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  • 1.
    Szilcz, Máté
    et al.
    Umeå University, Faculty of Medicine, Department of Public Health and Clinical Medicine, Epidemiology and Global Health.
    Mosquera, Paola A
    Umeå University, Faculty of Medicine, Department of Public Health and Clinical Medicine, Epidemiology and Global Health.
    Sebastián, Miguel San
    Umeå University, Faculty of Medicine, Department of Public Health and Clinical Medicine, Epidemiology and Global Health.
    Gustafsson, Per E
    Umeå University, Faculty of Medicine, Department of Public Health and Clinical Medicine, Epidemiology and Global Health.
    Time trends in absolute and relative socioeconomic inequalities in leisure time physical inactivity in northern Sweden2018In: Scandinavian Journal of Public Health, ISSN 1403-4948, E-ISSN 1651-1905, Vol. 46, no 1, p. 112-123Article in journal (Refereed)
    Abstract [en]

    AIMS: The aim was to investigate the time trends in educational, occupational, and income-related inequalities in leisure time physical inactivity in 2006, 2010, and 2014 in northern Swedish women and men.

    METHODS: This study was based on data obtained from the repeated cross-sectional Health on Equal Terms survey of 2006, 2010, and 2014. The analytical sample consisted of 20,667 (2006), 31,787 (2010), and 21,613 (2014) individuals, aged 16-84. Logistic regressions were used to model the probability of physical inactivity given a set of explanatory variables. Slope index of inequality (SII) and relative index of inequality (RII) were used as summary measures of the social gradient in physical inactivity. The linear trend in inequalities and difference between gender and years were estimated by interaction analyses.

    RESULTS: The year 2010 displayed the highest physical inactivity inequalities for all socioeconomic position indicators, but educational and occupational inequalities decreased in 2014. However, significant positive linear trends were found in absolute and relative income inequalities. Moreover, women had significantly higher RII of education in physical inactivity in 2014 and significantly higher SII and RII of income in physical inactivity in 2010, than did men in the same years.

    CONCLUSIONS: The recent reduction in educational and occupational inequalities following the high inequalities around the time of the great recession in 2010 suggests that the current policies might be fairly effective. However, to eventually alleviate inequities in physical inactivity, the focus of the researchers and policymakers should be directed toward the widening trends of income inequalities in physical inactivity.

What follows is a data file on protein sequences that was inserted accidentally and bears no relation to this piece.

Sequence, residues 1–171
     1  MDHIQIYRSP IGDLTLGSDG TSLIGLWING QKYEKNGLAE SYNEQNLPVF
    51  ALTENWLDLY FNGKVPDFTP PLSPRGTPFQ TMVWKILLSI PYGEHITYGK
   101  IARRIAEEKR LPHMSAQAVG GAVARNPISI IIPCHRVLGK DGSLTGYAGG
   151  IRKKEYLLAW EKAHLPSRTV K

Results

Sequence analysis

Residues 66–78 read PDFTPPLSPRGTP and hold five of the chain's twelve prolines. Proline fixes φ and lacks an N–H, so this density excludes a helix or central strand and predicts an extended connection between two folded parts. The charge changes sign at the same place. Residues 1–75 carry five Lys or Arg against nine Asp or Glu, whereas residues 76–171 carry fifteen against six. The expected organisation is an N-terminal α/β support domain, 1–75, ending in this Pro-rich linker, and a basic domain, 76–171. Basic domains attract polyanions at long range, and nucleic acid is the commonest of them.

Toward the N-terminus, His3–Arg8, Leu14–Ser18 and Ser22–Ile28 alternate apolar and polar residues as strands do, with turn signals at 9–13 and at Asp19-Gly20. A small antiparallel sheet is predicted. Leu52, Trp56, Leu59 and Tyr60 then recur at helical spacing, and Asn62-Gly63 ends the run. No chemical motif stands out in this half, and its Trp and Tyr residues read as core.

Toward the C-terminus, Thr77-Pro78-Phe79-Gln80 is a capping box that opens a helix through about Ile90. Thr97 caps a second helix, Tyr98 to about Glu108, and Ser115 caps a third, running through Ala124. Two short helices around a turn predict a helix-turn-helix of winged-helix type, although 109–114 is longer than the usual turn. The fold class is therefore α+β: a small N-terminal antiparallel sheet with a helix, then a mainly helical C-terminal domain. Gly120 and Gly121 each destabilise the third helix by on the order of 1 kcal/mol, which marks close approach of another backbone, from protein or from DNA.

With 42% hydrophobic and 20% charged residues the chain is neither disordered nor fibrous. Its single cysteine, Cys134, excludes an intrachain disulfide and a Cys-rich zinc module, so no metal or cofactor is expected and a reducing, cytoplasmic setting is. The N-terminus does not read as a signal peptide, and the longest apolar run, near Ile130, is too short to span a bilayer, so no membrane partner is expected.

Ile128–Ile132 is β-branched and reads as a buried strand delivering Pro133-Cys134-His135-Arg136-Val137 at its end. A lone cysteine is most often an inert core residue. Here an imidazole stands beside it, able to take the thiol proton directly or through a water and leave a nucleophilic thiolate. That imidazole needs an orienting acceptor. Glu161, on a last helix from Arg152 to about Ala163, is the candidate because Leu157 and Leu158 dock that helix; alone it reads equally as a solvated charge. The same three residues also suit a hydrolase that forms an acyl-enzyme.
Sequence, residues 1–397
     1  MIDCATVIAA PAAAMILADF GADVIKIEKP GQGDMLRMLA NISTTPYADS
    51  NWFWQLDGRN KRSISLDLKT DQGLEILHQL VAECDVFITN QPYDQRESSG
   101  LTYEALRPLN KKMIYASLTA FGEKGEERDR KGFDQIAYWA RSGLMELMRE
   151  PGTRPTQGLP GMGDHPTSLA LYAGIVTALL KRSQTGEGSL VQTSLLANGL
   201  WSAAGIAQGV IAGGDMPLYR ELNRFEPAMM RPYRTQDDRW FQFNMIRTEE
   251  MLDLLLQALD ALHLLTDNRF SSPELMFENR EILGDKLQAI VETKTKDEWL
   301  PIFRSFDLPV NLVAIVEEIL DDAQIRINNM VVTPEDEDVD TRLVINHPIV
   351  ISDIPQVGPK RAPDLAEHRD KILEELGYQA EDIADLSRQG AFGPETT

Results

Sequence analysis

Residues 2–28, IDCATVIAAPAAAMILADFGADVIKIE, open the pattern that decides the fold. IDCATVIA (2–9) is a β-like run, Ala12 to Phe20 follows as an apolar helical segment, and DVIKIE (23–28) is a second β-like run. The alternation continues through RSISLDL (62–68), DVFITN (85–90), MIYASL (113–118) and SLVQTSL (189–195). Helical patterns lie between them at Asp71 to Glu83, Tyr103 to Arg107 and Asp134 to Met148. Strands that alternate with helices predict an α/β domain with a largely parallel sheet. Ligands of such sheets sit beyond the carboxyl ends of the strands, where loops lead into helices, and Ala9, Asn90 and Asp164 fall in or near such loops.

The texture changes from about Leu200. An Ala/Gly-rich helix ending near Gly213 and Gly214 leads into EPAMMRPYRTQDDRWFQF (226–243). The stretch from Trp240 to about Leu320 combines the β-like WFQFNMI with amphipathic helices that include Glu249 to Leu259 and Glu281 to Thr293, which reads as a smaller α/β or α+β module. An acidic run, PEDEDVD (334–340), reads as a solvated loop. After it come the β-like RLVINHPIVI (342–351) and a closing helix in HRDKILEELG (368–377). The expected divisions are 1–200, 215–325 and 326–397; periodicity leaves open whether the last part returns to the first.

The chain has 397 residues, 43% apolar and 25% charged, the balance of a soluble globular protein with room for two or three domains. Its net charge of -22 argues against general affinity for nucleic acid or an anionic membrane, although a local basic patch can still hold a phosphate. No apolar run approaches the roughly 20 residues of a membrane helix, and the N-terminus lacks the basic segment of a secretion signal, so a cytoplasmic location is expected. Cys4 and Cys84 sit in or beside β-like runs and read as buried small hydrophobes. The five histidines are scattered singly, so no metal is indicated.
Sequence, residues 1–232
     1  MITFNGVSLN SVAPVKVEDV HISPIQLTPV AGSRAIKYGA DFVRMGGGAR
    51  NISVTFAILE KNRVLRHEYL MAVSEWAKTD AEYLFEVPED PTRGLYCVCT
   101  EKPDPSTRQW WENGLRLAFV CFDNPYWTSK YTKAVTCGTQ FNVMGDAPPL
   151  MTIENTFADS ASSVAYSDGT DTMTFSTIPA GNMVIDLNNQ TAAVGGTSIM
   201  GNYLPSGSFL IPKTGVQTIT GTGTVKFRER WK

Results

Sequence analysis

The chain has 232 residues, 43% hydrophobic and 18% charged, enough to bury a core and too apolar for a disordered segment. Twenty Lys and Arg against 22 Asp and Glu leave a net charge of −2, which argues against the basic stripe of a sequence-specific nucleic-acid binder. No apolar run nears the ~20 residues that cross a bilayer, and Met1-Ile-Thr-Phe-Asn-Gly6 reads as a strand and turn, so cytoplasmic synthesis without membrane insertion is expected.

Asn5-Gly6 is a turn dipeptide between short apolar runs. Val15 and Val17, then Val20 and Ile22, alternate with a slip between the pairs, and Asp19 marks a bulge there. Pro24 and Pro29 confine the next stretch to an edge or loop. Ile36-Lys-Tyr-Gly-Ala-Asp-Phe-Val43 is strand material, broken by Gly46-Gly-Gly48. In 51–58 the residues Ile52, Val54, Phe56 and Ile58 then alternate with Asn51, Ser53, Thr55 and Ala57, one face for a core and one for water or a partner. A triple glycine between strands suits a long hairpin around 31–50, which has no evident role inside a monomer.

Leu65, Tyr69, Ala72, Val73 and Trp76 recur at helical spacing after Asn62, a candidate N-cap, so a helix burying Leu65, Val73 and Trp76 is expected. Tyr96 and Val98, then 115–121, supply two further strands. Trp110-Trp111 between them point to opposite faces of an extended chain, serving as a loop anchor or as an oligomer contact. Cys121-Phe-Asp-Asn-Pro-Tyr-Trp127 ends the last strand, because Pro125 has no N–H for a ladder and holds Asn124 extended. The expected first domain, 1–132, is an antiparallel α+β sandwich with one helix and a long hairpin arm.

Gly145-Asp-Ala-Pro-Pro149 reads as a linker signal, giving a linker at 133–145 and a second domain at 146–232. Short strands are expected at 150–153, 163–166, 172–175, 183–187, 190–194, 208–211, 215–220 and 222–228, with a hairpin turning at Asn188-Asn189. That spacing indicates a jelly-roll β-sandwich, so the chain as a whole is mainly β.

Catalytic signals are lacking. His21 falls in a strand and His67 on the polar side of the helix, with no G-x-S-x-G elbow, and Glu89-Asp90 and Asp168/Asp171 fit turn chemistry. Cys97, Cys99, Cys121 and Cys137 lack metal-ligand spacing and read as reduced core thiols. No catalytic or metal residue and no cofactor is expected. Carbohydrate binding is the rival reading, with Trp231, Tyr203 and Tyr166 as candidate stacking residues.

• 2.
    Szilcz, Máté
    et al.
    Umeå University, Faculty of Medicine, Department of Epidemiology and Global Health.
    Mosquera, Paola
    Umeå University, Faculty of Medicine, Department of Epidemiology and Global Health.
    San Sebastian, Miguel
    Umeå University, Faculty of Medicine, Department of Epidemiology and Global Health.
    Gustafsson, Per E
    Umeå University, Faculty of Medicine, Department of Epidemiology and Global Health.
    Income inequalities in leisure time physical inactivity in northern Sweden: a decomposition analysis2019In: Scandinavian Journal of Public Health, ISSN 1403-4948, E-ISSN 1651-1905Article in journal (Refereed)
    Abstract [en]

    AIMS: Increasing income inequalities in leisure time physical inactivity have been reported in the relatively socially equal setting of northern Sweden. The present report seeks to contribute to the literature by exploring the contribution of different factors to the income inequalities in leisure time physical inactivity in northern Sweden.

    METHODS: This study was based on the 2014 Health on Equal Terms survey, distributed in the four northernmost counties of Sweden. The analytical sample consisted of 21,000 respondents aged 16-84. Six thematic groups of explanatory variables were used: demographic variables, socioeconomic factors, material resources, family-, psychosocial conditions and functional limitations. Income inequalities in leisure time physical inactivity were decomposed by Wagstaff-type decomposition analysis.

    RESULTS: Income inequalities in leisure time physical inactivity were found to be explained to a considerable degree by health-related limitations and unfavourable socioeconomic conditions. Material and psychosocial conditions seemed to be of moderate importance, whereas family and demographic characteristics were of minor importance.

    CONCLUSIONS: This study suggests that in order to achieve an economically equal leisure time physical inactivity, policy may need to target the two main barriers of functional limitations and socioeconomic disadvantages.

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